A student’s experience of giving feedback

Photo Credit: Patrick Perkins, Unsplash CC0

In this post for the Student Voice monthly theme, Salvador Aguilar, Masters student in Public Policy, describes how Course Enhancement Questionnaires and mid-course feedback gives students agency in helping lecturers improve their teaching skills…

Everyone likes to be listened to, and students are no exception to this. Most of us want to express our opinions on a course in a thoughtful, discrete and meaningful way. The University of Edinburgh gives us that opportunity with tools such as Course Enhancement Questionnaires (CEQs) and mid-course feedback (MCF). Even though their objective is to assure teaching quality, each of these feedback methods fulfil different purposes. Reflecting on my experience with these feedback tools, I am happy to share some of the practices that have impacted my learning experience.

Paving the way

Course Enhancement Questionnaires (CEGs) are sent out at the end of the course for students to reflect on the course as a whole. New students can benefit from alumni’s previous feedback while providing new feedback for future incoming students. Thus, CEQs can work in a ‘Pay it forward’ kind of way, which is a wholesome way of thinking about it.

In my very first lecture at the University, the professor took some time to explain a list of adjustments. She shared with us a personal guideline on teaching and the outcome of five years of students’ opinions. She mentioned things like: ‘speak with a clear pronunciation’, ‘repeat the questions two times’, ‘always use the microphone’, and ‘simplify online interaction’.

Being a new student from an international background, like most of the class, is hard. These rules certainly helped our learning, as they were meant to ease our ‘beginner’ status. This is a clear example of how end-of the-course feedback can help from the beginning in paving the way for future students.

Initiating a conversation

Mid-Course Feedback (MCF) is ideal for initiating dialogue between students and professors. Last semester, one professor handed us feedback postcards asking us to express what was going well and what could be improved. This was an open and judgement-free space for sharing our thoughts.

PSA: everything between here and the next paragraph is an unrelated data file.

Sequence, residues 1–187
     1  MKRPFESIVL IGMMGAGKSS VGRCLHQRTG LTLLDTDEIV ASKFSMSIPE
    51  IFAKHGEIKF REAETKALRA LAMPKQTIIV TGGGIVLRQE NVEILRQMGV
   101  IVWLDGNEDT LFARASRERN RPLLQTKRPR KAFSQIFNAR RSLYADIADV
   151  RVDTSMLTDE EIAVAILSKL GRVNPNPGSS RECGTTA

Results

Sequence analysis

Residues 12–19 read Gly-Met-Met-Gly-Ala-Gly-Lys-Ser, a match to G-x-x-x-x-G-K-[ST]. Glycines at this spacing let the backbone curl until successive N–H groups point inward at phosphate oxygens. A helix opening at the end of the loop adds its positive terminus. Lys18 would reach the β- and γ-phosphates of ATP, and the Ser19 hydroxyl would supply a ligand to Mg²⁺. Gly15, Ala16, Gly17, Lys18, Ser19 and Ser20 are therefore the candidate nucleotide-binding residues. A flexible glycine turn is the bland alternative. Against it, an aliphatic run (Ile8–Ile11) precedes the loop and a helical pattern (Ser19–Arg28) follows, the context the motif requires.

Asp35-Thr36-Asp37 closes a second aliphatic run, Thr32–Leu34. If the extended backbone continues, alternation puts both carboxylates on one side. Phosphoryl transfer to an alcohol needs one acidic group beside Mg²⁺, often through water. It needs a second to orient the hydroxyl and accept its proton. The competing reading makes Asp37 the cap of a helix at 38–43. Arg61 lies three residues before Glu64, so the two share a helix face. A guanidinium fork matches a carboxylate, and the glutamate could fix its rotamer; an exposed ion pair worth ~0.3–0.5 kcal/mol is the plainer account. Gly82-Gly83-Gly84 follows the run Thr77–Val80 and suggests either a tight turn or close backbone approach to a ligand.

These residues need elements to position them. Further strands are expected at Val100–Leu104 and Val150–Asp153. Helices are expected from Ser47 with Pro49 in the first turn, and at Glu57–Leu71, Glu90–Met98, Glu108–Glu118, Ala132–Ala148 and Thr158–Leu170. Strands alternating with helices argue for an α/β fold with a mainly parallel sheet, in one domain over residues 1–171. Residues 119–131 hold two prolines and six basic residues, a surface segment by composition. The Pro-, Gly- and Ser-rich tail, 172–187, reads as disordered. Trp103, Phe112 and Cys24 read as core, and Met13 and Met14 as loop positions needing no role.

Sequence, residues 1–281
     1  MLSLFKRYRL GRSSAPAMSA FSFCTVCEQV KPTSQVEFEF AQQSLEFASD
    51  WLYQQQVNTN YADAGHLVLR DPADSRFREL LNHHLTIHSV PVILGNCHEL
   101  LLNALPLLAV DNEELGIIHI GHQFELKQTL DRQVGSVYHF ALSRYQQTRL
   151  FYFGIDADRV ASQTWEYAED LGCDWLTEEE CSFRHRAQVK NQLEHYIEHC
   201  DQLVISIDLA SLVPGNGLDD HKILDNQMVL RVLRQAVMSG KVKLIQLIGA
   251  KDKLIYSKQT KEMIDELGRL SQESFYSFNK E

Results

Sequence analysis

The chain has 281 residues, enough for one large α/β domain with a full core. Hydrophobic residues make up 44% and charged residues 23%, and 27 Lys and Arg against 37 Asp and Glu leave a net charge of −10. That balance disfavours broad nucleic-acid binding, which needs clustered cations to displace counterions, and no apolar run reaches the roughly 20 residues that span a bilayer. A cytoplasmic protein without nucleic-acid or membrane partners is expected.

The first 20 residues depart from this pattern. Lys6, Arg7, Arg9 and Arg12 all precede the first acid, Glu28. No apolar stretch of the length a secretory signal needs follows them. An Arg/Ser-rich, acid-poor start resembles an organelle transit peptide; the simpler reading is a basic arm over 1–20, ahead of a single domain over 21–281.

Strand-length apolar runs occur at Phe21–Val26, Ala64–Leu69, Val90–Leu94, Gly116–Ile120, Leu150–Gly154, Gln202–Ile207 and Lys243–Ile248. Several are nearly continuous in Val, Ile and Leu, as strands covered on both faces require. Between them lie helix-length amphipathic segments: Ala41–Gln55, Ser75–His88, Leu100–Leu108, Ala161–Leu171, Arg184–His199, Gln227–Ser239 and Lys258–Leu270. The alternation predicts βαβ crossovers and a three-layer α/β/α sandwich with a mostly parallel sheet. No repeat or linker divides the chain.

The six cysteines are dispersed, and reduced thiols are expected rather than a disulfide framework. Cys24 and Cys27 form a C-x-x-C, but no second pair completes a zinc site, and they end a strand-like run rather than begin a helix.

One week later, she not only delivered a thoughtful response to all fifty-five postcards, but she also provided some friendly reminders of the course’s content. She addressed most of the issues the class had commented on and thanked us for the nice comments on her lectures. The professor’s response made me aware of her genuine focus and commitment to us.

This exemplifies how MCF can initiate a conversation. Students have a receptive chance to express their concerns, and professors have the opportunity to help students make sense of any issue they might have. MCF greatly adds to the course dynamic by opening a direct and attentive communication line between students and lecturers.

A tool for potential Real-time change

Through MCF, students can spark reflections about what is working for them and what could be improved. In other cases, they can even prompt actual real-time change while the course is still running. Considering the short ten-lecture length of courses, MCF results are especially engaging for both students and professors.

Thanks to this feedback mechanism, one lecturer changed his workshop to a more practical approach. He commented on how most students wanted to have a less theoretical angle in the workshops. His response to our comments was quick in giving us exercises focused on real-life scenarios rather than on theoretical approaches. Some of the students could not believe how grounded the practice was, and found more compelling reasons to engage in the workshops.

On the one hand, this proves how student feedback can result in immediate beneficial changes. On the other hand, it shows that lecturers can be reflective about their approach and seek to better understand their audience to fine-tune their teaching skills.

In this way, MCF seems to be particularly valuable when addressing issues that arise during the course. Even if a change is not possible nor necessary mid-course, students appreciate having their suggestions for improvement considered.

What should we take away from these experiences?

Keeping in mind that teaching is a priority at The University of Edinburgh, one cannot help but recognise the undeniable added-value of feedback mechanisms to the student learning experience. I witnessed the actual impact of giving student feedback, and each tool has inherent benefits. However, as illustrated here, it is up to the lecturers to make the most of students’ thoughts to assure the best learning experience. Either way, these mechanisms highlight the importance for lecturers to continuously fine-tune their teaching skills and to seek to perform as best as they can.

Salvador Aguilar

Salvador Aguilar is an MSc Public Policy student at the University of Edinburgh.

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